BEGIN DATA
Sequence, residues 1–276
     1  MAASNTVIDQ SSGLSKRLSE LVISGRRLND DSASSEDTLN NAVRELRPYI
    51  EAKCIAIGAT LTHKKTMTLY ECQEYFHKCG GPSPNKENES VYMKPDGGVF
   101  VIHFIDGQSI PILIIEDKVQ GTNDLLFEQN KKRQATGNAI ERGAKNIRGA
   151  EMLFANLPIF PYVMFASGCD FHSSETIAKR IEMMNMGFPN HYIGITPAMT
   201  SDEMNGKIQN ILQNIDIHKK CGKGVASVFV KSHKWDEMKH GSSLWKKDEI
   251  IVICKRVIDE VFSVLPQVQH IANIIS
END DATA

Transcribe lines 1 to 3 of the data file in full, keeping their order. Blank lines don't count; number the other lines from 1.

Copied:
Sequence, residues 1–276
     1  MAASNTVIDQ SSGLSKRLSE LVISGRRLND DSASSEDTLN NAVRELRPYI
    51  EAKCIAIGAT LTHKKTMTLY ECQEYFHKCG GPSPNKENES VYMKPDGGVF